Skip to main content

Market Concentration Increases Orthopedic Surgery Fees

By June 19, 2015Commentary

Horizontal and vertical consolidation among hospitals, physician groups and other providers has increased market concentration in many geographic areas.  Typically when markets become more concentrated, prices are likely to go up.  Providers have reacted to concerns about the increased concentration by claiming they are creating scale efficiencies that will reduce costs and are engaging in better care coordination.  (I am trying not to gag.)  Research carried in Health Affairs looks at the association between the level of concentration among orthopedic surgeons and fees for knee replacement surgery.   (HA Article)   Surgeries are relatively expensive medical procedures and account for around a third of all US health spending.  The surgeon fee portion is typically significantly smaller than the facility fee, but is still a substantial part of the total cost.  The authors used a large commercial claims data base to determine fees paid for knee replacement in 311 counties over the period 2001 to 2010.  The primary analysis involved tracking changes in concentration within a county over time and the potential relationship between concentration and fees.  Using the common Herfindahl-Hirschman Index to measure market concentration, the authors found that most counties had some level of concentration throughout the study period and that concentration rose modestly during the study period.  The average physician fee during the period was $2537, but in the third quartile of markets ranked by increasing concentration, the fees were about 4% higher and in the highest quartile they were about 7% higher.  The results accord with basic economics and suggest that if consolidation among providers does result in cost efficiencies, those are being retained by the providers, not shared with payers, and the providers are raising prices at the same time.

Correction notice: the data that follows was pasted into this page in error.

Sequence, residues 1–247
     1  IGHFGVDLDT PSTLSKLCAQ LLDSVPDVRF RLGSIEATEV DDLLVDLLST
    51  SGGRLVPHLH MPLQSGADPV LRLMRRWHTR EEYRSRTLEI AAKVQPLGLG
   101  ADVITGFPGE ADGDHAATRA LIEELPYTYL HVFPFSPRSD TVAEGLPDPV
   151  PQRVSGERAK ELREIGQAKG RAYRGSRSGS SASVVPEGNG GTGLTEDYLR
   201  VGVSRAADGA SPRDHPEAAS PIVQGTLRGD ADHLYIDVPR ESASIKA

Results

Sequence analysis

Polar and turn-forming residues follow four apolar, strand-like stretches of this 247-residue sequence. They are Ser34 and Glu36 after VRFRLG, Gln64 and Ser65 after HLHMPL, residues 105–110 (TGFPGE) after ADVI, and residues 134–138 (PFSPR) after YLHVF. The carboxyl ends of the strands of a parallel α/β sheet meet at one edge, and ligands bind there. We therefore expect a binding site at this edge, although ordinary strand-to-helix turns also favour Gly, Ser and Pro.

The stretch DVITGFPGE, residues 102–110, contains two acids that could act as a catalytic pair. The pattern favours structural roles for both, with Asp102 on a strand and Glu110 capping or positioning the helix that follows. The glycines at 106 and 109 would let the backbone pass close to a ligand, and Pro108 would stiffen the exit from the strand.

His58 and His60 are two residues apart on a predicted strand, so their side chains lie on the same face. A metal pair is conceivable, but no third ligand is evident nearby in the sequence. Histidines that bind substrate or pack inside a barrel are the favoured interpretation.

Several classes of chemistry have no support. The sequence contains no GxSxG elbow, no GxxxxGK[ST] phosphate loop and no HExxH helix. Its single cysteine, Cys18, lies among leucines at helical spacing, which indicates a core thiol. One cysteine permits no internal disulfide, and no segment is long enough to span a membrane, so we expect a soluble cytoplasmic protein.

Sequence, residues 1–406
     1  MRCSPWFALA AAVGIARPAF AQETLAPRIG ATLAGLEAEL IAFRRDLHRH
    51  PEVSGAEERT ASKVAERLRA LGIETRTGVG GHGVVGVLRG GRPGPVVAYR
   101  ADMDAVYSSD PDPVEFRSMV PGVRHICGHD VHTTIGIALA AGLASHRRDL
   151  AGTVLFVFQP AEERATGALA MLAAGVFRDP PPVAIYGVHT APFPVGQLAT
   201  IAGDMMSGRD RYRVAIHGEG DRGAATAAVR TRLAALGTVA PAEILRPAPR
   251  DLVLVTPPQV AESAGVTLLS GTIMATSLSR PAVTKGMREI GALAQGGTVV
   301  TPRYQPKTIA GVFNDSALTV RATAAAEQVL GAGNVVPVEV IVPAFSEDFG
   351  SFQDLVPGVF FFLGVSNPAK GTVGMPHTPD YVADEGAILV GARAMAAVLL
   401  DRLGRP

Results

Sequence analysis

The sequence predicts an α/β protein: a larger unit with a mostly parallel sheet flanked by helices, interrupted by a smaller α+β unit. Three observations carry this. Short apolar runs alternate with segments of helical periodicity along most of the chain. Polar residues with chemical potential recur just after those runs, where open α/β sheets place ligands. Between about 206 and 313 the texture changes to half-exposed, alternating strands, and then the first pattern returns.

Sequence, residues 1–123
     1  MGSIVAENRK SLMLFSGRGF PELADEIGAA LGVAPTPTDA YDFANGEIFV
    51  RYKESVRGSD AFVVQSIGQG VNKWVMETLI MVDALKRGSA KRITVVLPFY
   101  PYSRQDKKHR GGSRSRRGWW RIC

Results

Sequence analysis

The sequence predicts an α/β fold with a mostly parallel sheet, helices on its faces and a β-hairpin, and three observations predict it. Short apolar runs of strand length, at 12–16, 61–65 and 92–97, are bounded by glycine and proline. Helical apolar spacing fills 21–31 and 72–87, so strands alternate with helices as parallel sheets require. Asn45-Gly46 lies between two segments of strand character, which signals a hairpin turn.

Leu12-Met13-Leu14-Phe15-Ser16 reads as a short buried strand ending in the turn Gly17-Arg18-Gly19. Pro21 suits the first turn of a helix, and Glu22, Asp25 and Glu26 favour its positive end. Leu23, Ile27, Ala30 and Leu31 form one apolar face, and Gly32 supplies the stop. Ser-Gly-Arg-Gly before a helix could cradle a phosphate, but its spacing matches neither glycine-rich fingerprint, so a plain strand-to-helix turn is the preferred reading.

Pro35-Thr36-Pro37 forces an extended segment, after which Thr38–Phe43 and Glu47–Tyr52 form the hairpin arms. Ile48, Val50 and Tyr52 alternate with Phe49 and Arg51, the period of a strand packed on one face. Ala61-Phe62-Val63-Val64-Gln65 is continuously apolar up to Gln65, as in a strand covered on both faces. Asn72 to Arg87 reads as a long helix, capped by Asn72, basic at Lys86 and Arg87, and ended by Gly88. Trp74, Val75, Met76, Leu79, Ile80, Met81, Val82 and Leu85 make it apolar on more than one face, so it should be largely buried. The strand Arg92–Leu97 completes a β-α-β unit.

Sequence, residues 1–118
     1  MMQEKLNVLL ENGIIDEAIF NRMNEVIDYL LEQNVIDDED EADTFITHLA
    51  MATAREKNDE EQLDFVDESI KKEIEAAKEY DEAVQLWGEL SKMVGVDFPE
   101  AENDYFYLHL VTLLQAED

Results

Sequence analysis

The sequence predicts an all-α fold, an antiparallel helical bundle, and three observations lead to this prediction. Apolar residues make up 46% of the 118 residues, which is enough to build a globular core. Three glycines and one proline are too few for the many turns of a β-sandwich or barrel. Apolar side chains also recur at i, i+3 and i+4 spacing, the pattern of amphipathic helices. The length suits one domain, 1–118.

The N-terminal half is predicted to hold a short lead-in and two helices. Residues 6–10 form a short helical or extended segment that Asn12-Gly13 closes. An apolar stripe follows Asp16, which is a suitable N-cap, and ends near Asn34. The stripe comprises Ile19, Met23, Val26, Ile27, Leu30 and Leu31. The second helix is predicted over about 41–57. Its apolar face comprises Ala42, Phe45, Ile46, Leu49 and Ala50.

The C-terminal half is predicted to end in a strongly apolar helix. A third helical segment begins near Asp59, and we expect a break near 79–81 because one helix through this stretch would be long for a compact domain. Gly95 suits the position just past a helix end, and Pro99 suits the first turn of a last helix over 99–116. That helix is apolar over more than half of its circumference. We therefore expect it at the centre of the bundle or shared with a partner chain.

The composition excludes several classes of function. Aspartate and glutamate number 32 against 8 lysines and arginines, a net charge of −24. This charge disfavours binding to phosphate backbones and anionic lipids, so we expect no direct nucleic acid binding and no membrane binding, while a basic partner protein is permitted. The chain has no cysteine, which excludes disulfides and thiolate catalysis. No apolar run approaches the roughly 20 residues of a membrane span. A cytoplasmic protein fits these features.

Leave a comment